One could also pretty easily step into this story and understand something of the older brother. Some of us might relate to the older brother who has stayed at home and done his work—and yet gets no feast from the father. But I wonder if there’s not more than resentment in the older brother—but perhaps also, isn’t there just a little bit of envy? Notice that he assumes the younger brother has spent time with prostitutes, though there’s no other mention of that little detail in the story. Charles Wesley, the great hymn writer, once thanked God that in his youth he had escaped the more “grievous sins” and that he had not been one of the “young corruptors,” as he put it. But, he said, the reason he didn’t sin more was because of a kind of “sacred cowardice.” It was not his goodness that had kept him from sin, but the fear of the consequences. (Do we ever stop to wonder what trouble we might get into if there were no risk of getting caught?)

Today’s Gospel presents us with characters we can understand. There is the younger child who runs away, who becomes lost, and who loses himself. But then he is found, and in the finding he finds himself. He comes to himself. There is the older child who watches all of this and doesn’t understand, who simply grows angrier and angrier and angrier, until at last the rage breaks. But there is also the father who forgives. Jesus tells the story, “While [the younger son] was yet at a distance, his father saw him and had compassion, and ran and embraced him and kissed him.”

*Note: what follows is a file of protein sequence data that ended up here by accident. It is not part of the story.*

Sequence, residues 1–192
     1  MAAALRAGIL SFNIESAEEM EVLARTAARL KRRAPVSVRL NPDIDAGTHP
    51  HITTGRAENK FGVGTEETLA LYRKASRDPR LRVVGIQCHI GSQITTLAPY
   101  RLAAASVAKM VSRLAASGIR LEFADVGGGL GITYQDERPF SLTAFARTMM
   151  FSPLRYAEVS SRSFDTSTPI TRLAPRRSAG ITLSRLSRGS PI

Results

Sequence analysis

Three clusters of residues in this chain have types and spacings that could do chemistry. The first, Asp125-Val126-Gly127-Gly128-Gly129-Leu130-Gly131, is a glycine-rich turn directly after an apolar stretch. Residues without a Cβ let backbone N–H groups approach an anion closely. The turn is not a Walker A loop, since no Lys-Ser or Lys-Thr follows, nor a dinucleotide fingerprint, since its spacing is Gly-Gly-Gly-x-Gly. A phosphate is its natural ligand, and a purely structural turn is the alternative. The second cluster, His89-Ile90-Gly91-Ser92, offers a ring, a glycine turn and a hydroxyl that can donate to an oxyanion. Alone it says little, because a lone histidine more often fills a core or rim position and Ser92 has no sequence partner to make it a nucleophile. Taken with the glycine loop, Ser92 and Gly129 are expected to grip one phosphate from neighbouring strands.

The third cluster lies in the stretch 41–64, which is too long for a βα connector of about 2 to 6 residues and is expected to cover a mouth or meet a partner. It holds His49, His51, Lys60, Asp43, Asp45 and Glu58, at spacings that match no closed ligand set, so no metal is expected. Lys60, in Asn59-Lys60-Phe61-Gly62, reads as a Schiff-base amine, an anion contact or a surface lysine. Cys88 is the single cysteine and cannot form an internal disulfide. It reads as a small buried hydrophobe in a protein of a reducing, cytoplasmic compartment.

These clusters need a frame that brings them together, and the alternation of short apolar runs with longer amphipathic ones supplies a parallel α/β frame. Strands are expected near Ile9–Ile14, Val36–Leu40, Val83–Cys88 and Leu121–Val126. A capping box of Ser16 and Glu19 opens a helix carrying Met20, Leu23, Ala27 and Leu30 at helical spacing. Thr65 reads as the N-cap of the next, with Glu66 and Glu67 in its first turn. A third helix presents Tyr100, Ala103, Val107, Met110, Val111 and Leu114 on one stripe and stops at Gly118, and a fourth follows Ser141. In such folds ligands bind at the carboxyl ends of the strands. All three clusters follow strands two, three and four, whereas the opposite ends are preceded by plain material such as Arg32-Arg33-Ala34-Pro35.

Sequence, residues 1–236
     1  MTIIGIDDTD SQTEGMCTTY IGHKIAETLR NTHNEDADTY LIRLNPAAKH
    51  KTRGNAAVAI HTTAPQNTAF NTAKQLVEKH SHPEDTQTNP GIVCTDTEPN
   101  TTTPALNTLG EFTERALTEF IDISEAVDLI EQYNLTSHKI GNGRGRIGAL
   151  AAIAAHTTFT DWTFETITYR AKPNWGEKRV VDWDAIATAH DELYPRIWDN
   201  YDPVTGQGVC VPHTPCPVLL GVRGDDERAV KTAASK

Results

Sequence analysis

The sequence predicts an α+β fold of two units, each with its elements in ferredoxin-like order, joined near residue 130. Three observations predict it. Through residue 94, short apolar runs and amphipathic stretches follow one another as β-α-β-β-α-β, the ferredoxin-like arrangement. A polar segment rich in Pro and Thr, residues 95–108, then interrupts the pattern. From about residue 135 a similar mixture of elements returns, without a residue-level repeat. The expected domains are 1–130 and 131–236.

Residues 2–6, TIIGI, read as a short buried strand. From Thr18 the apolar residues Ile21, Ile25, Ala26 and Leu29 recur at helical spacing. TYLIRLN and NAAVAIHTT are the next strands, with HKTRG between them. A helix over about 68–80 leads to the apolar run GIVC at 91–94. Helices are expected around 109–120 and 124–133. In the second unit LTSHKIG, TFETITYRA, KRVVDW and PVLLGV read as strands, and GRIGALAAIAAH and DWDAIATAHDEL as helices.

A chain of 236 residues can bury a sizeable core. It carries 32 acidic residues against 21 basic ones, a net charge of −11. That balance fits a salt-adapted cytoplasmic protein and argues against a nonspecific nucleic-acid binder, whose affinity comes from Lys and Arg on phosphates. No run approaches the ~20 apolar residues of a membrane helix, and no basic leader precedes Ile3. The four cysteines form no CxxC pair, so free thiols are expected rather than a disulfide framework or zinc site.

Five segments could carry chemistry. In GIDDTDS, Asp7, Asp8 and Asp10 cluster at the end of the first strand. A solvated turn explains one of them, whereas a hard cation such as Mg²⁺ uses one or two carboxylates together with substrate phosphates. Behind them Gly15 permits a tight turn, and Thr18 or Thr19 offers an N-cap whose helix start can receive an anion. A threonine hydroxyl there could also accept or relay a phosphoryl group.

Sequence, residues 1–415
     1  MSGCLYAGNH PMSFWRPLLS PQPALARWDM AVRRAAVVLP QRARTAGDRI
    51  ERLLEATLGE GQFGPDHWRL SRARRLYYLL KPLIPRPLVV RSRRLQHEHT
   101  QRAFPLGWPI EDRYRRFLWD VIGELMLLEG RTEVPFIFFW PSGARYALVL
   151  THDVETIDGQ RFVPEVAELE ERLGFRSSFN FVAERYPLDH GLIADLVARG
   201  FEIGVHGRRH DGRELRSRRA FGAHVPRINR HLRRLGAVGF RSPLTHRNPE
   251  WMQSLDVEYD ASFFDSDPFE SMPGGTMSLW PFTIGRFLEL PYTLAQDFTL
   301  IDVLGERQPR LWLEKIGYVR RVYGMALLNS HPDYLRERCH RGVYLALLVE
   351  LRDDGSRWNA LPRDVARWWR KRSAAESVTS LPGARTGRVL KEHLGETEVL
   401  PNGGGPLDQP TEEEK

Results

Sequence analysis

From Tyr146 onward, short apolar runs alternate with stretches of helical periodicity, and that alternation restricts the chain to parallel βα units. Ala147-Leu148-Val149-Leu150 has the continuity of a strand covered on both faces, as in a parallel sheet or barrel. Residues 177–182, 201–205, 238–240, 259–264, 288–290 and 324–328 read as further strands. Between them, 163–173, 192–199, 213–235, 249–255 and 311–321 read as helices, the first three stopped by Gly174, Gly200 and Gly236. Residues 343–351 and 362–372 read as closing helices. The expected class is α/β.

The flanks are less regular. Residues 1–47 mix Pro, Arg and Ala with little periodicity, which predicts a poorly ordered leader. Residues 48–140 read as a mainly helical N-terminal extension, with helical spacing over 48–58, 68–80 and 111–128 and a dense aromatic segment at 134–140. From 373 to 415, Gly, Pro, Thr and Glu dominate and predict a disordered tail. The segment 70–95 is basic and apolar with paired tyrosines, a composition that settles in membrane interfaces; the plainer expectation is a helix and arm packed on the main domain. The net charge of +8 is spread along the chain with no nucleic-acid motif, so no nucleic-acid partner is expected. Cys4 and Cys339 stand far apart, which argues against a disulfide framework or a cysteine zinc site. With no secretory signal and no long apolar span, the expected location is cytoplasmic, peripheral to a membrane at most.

For the father, it’s time for a party. It’s time for feasting.  It’s as though God’s time intersects and overtakes earthly time.  The father announces “Bring quickly the best robe, and put it on him; and put a ring on his hand, and shoes on his feet; and bring the fatted calf and kill it, and let us eat and make merry; for this my son was dead, and is alive again; he was lost, and is found.”

Rejoice. Laetare!As the Church sings in today’s introit. “Rejoice in gladness, after having been in sorrow, exult and be replenished.”

Henri Nouwen wrote a great little book about his time with this parable, especially as he prayed about the story in front of Rembrandt’s famous painting in the Hermitage.  Nouwen believed that Jesus tells the parable of the lost child who is found not so we can related to the prodigal, not so we can relate to the older child, but so that we can relate to the parent; the parent who forgives.

Praying through the parable, Nouwen realized that he was being called to deepen, to grow, and in some ways to grow up and behave like a parent, like a spiritual adult.  Saint Paul writes, “We are children of God. And if we are children, then we are heirs, heirs of God and joint heirs with Christ, provided that we share his sufferings, so as to share his glory.” (Romans 8:17)  But we don’t remain children forever.  We grow up with Christ, in Christ.